How to Fund and Implement ADOPT Core Measures in Your Adult Weight Loss Trial
In partnership with the National Heart, Lung and Blood Institute
Thursday May 9, 2019
1:00 pm – 2:00 pm EDT
The recording for this webinar is no longer available.
Click here for more information about other continuing education opportunities available from ASN.
This webinar will 1) introduce obesity researchers to the Accumulating Data to Optimally Predict obesity Treatment (ADOPT) Core Measures Project, 2) highlight use of the ADOPT core measures in an ongoing weight loss clinical trial, and 3) provide guidance on how to get involved with ADOPT, including funding opportunities.
Well-documented individual variability exists in response to a wide range of obesity treatment modalities which is likely due to a combination of behavioral, biological, environmental, and psychosocial factors. Yet, we presently lack datasets to comprehensively identify these factors and examine how they interact to influence treatment response. Recognizing that this individual variability demands a precision medicine approach, the ADOPT Core Measures Project was undertaken to identify a standard set of measures spanning multiple domains that can be analyzed across studies to better understand this variability.
ADOPT provides a framework for how obesity researchers can generate the evidence base needed to guide the development of individually tailored and potentially more effective strategies for the treatment of obesity. The identification of a core set of measures represents a first step in an ongoing process which will be refined and updated dynamically as the science advances. Consistent use of the ADOPT Core Measures in adult weight loss trials will create opportunities to identify predictors of treatment responses by building datasets that can be used for pooled analyses and meta-analyses. The accumulation of data on key factors across the four ADOPT domains — behavioral, biological, environmental, and psychosocial — should generate a more precise description of the interplay among these factors and their coordinated impact on treatment responses, which, in turn, can inform the design and delivery of effective, tailored obesity treatments.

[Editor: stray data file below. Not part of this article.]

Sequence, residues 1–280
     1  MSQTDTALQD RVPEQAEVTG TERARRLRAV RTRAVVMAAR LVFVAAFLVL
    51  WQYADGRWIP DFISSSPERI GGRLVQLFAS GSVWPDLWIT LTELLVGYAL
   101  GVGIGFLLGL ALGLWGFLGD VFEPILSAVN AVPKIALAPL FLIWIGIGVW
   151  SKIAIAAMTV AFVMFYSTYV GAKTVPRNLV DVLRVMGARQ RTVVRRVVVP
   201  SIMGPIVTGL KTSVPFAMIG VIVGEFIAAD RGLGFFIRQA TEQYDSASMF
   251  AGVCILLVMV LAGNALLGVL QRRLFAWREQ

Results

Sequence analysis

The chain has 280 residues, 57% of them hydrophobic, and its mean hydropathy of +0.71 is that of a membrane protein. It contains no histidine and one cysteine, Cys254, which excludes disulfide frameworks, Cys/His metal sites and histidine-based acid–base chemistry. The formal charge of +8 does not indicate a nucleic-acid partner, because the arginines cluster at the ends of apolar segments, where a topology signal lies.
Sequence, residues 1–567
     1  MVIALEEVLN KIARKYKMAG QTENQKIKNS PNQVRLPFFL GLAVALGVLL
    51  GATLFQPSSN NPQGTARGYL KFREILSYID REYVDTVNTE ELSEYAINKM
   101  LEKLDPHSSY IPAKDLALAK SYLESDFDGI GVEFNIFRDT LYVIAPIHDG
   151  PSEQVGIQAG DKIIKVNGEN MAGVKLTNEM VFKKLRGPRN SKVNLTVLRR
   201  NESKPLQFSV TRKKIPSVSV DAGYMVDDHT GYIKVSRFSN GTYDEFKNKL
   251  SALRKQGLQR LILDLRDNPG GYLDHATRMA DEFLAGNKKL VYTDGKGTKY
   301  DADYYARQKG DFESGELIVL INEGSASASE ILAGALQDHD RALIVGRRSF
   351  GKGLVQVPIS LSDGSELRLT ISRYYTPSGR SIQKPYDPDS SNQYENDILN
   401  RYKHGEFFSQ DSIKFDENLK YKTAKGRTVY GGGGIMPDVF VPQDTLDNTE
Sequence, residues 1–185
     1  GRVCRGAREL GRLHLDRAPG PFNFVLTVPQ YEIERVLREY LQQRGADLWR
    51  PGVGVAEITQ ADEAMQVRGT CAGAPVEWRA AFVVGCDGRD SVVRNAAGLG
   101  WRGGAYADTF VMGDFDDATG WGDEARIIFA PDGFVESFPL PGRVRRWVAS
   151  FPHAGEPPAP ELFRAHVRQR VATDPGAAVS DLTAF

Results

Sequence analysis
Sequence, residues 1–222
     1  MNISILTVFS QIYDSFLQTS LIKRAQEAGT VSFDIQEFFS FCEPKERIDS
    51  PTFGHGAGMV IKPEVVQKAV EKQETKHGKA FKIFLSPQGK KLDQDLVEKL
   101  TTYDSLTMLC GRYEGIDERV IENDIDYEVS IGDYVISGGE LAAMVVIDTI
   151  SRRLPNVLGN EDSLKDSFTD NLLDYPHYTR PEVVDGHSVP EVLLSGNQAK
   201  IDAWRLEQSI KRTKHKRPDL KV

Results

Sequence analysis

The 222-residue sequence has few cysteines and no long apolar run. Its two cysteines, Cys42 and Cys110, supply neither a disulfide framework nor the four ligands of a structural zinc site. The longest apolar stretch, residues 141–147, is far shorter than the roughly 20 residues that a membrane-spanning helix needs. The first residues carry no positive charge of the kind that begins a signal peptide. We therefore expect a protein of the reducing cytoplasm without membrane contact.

- Tanya Agurs-Collins, PhD, RD – National Cancer Institute
- Paul MacLean, PhD – University of Colorado Anschutz Medical Campus
- Danielle Ostendorf, PhD – University of Colorado Anschutz Health and Wellness Center
- Holly Nicastro, PhD, MPH – National Heart, Lung, and Blood Institute, NIH